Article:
I was brought up on a goat farm in the hills of northern Kentucky, with nearly 40 acres of forest as my classroom (I was homeschooled through the eighth grade). My classmates were a menagerie of animals, a tight-knit homesteading and homeschooling community, and siblings and cousins who were also homeschooled.
As a child, my favorite place to do schoolwork was in a large maple tree in the front yard with branches that jutted out in strategic formations ideal for propping myself up to do schoolwork. I often got an early start since I would get up with my dad as he prepared for his 30-mile trek into the town of Erlanger to his job as a high school English teacher. Most days I finished my schoolwork by noon, and spent the next couple of hours playing or working on chores before being joined by neighbor- hood kids when they returned from school.
Play time could consist of anything from mud fights and “king of the raft” in our snapping-turtle-infested pond, dirt-clod fights in the newly plowed garden to trekking along the creek that meandered through our wooded backyard. More often than not, my dad had additional chores ready for me upon returning from school, as he was constantly improving our farm buildings and house. I spent much of my childhood tearing out walls and floors as we slowly converted a run-down shack into a spacious, rustic farmhouse.
Growing Up “Poor”
Mom worked hard as a farmhand, gardener, mother and teacher, while Dad picked up odd jobs during summers and of-hours from teaching. I grew up “poor” but didn’t know it. The dinner table was always stocked with fresh-picked or home-canned vegetables, meat we had raised (or hunted) and butchered ourselves, and fresh goat or cow milk. I elected to attend high school with my dad in ninth grade, a decision I often regret.
My lunches were usually spent over a book in the library, which won me friends with the outcasts of the outcasts—and with the librarian—and gave me a brief respite from attempting to navigate the confusing social hierarchy. My four siblings, Aaron, Nathan, Zachary and Anna, were also homeschooled, as were my cousins and partners-in-crime, Leah and David.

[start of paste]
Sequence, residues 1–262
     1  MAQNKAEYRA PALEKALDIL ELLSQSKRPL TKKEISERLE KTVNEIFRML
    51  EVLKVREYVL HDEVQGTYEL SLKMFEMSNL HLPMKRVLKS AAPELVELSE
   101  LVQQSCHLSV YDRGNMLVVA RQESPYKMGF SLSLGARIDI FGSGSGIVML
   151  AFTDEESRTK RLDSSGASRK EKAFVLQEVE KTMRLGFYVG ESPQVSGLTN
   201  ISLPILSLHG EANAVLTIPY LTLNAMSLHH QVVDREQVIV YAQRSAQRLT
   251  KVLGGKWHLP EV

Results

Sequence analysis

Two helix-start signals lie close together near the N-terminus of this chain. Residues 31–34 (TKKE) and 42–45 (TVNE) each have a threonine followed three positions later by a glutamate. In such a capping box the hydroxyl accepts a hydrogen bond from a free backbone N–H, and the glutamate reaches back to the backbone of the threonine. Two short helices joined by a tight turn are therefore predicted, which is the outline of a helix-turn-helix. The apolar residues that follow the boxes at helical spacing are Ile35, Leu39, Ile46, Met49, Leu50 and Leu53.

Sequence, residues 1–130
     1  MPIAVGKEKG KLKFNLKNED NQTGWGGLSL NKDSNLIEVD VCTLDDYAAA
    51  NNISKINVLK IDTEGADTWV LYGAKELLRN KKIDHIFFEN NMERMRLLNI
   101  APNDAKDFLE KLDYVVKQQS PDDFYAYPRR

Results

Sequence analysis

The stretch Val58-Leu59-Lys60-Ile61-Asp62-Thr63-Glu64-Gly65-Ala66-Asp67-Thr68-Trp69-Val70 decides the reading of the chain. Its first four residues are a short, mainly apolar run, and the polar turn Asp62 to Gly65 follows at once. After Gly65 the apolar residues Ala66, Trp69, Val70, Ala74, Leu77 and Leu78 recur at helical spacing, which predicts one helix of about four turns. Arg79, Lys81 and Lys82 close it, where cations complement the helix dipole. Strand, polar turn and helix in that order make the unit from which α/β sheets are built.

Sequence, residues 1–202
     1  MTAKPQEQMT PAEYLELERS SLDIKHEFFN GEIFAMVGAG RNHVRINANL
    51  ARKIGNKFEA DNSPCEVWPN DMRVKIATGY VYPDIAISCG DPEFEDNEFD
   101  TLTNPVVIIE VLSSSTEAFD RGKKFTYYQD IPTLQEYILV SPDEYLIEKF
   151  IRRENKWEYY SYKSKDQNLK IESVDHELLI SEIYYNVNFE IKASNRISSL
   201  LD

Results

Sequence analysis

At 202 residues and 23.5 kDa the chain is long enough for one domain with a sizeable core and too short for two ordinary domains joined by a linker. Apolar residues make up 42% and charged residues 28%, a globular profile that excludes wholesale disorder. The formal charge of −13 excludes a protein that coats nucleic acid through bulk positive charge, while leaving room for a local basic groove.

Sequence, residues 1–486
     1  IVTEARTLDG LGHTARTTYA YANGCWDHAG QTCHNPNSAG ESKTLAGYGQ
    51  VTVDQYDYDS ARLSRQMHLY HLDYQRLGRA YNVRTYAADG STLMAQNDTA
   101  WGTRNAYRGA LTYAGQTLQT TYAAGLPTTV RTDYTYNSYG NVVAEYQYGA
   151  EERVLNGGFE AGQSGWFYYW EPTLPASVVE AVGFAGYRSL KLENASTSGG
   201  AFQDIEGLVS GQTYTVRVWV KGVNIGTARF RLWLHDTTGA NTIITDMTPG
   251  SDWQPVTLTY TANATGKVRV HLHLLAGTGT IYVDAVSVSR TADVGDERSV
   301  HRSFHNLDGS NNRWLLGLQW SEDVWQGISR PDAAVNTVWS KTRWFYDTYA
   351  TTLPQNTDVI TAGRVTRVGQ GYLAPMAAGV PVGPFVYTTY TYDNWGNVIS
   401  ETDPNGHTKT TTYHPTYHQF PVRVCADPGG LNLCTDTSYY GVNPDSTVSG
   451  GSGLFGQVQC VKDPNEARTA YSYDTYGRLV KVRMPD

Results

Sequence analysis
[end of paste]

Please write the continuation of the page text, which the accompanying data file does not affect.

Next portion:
This background instilled in me a sense of adventure. Upon escaping the confines of high school, I attended Berea College in eastern Kentucky, majoring in English and communication.
Upon graduating in May 1998, I packed up and headed to the Pacific Northwest shortly after marrying my first wife Jennifer, whom I had met in college. She was from Seattle. After spending eight years traveling and liv- ing in the Northwest, home started calling.
Since Jennifer was also interested in returning to Kentucky, we packed up our VW Bus and Chevy S-10 and headed across the country. A week later, we pulled in the driveway of my childhood home, which had flourished while I was gone. Although we had always had goats, Twin Meadows Farm was now a full-fledged goat farm.
The herd had grown substantially, and my mom was producing purebred, ADGA-certified Nubians for sale. The rickety barn that was part of the homestead when we purchased it was gone, replaced by a more functional one my dad had built, and the house had undergone more renovation.
We quickly began looking for a place to live in the small town of Berea. Jennifer and I rented a small cabin in a quiet wooded area outside of town, and realized that our goals (or rather, our personalities) didn’t meld quite as well as we’d initially thought and were divorced shortly thereafter.
I remained in the cabin and enjoyed a period of being a bachelor and launching my freelance writing career while reconnecting with old friends, making new ones, and pursuing my interests in gardening and homebrewing. Eventually, I married my second wife Jenna, and moved into her house in town, which had a large yard. Not long after, our now three-year-old little darling Sadie came along. Over the past couple of years, we have progressively turned our yard into a “yarden” by using permaculture and sustainable methods to produce food for ourselves and to share with our community.
While spending as much time as we can in our yarden, we dream about eventually moving to a farm of our own. In the mean- time, we educate ourselves by connecting with sustainable farms, organizations and individuals in the area, and by visiting my parents’ farm often. I contribute to the farm work when help is needed, trading my services for fresh milk, eggs and meat.
From Yarden To Farm
Recently, I spent two weeks farm-sitting while my mom, dad and sister took a much-deserved vacation. I milked the goats twice daily, made kefir and cheese, canned salsa, butchered a goat, and tended to the needs of the other farm animals, including chickens, Angora rabbits, quarter horses and a mini-horse named Mr. Moo.
Since my goal is to support myself through writing and farming, my trial run as a goat farmer provided me the opportunity to learn how to juggle the two. I realize that purchasing land and animals (and maintaining both) is a time-intensive and potentially costly process if not thought out carefully. By no means have I deluded myself into thinking homesteading is a life- style for those who want to get rich quick, but rather a life that is self-supporting. Take care of the land you live on, and the land will take care of you. — Jereme Zimmerman
Common-sense advice from Ted Moews, who built a dream cabin himself.
by New Pioneer / Jun 29, 2014